Wi-Fi in the land of Qin

Somewhere, the Yellow Emperor is smiling.

Published February 7, 2007 7:30PM (EST)

Four thousand or 5,000 years ago, Huang Di, the Yellow Emperor from whom all Han Chinese people are said to be descended, found himself in a tight spot. He and his army had come to the rescue of Yan Di, the Fiery Emperor, who was losing a battle to the Jiuli clan led by Chiyou and his 80 brothers -- all giants "with skulls as hard as iron, sharp horns, four eyes, six hands and hair growing erect beside their ears."

A lovely coffee-table book, Zou Zongzu's "The Land Within the Passes: A History of Xian," recounts the story thus:

At first Huang Di's troops suffered great losses as Chiyou blew a thick fog from his nostrils so that they could not find their way, but then Huang Di ordered the goddess of wind to blow a wooden figure on a cart so that its outstretched arm always pointed south, and by the use of this "compass cart" he was able to lead his troops out of the fog [and eventually capture and execute Chiyou.]

I was impelled to refresh my recollection of Huang Di's exploits by the conjunction of two news items this morning. The first, passed on by Jottings From the Granite Studio, reports that researchers studying fragments of the famous terra cotta warriors from the tomb of Qin Shi Huang Di (not to be confused with the Yellow Emperor), near the city of Xian, had been able to determine that the statues of the soldiers and their horses had been made in two different batches, by analyzing pollen residue mixed in with the clay.

The pollen found in the terra cotta warrior sample was mostly from herbaceous plants, such as members of the mustard and cabbage family, the genus of plants that includes sagebrush and wormwood, and the family of flowering plants that includes quinoa, spinach, beets and chard.

But the pollen detected in the terra cotta horse sample mostly came from trees, such as pine, kamala and ginkgo.

The significance? The builders of the figures may have chosen to make the horses in a location closer to the tomb than where the soldiers were made, for the sensible reason that they did not want to have to move the heavier figures any farther than they had to. This may not seem like a breathtaking archaeological revelation to everyone, but for a history geek, this kind of granular analysis of events that occurred a couple of thousand years ago is highly titillating.

The second, passed on by Pacific Epoch, notes briefly that Xian is about to be fitted with an extensive Wi-Fi network including thousands of Wi-Fi hot spots scattered about the city.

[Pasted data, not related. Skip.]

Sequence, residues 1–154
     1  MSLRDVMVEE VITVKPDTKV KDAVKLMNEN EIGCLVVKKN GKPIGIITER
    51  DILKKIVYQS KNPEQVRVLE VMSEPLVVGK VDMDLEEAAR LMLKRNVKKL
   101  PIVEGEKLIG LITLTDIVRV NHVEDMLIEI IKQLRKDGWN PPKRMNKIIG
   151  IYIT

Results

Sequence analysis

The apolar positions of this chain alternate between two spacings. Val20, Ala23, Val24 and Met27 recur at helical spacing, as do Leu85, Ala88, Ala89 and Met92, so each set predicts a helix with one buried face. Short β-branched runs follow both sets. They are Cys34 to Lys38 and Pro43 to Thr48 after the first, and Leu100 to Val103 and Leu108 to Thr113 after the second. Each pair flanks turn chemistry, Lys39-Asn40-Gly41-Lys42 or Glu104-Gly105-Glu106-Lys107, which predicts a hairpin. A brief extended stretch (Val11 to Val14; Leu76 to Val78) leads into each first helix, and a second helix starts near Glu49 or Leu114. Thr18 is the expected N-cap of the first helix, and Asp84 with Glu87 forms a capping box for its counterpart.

My first impulse was to think, neat, now the citizens of Xian will be able to log on from anywhere in the city and discuss the latest archaeological findings on pollen from the days of Qin Shi Huang Di to their heart's content. Such is progress! But my next thought was to retrieve "The Land Within the Passes" from my bookshelf, and remind myself exactly what those terra cotta warriors, and the vicinity of Xian, look like. It's all too easy in the blogosphere to skate across the surface of history at the speed of a million mouse clicks, without ever taking time to submerge in its depths.

Which is how I came to remind myself that the mausoleum of Qin Shi Huang Di is not the only famous tomb in the region. Shaanxi Province is also reputed to be the resting place of Huang Di, the Yellow Emperor who preceded Qin Shi Huang Di, the so-called First Emperor of China, by at least a couple of thousand years.

(The first Huang Di may not originally have been from Shaanxi, and the location of his tomb may have more to do with the latter-day primacy of Xian as the center of successive Chinese dynasties than anything else, but let's not worry overmuch about the actual physical whereabouts of a mythical figure.)

According to legend, Huang Di was responsible for a host of inventions in addition to the compass. He's also given credit for the creation of the Chinese calendar and the first compilation of Chinese medical lore. His wife gets props for teaching the Chinese to weave silk and his historian for creating the Chinese writing system.

Huang Di was what we could call today "a serial innovator." And if he were alive today, no doubt he would be setting up Wi-Fi networks across the length and breadth of China, and pouring imperial resources into nanotechnological research while using the awesome power of the state to encourage the development of the semiconductor industry. All to make it easier for his descendants to ponder the significance of 2,000-year-old pollen.

By Andrew Leonard

Andrew Leonard is a staff writer at Salon. On Twitter, @koxinga21.

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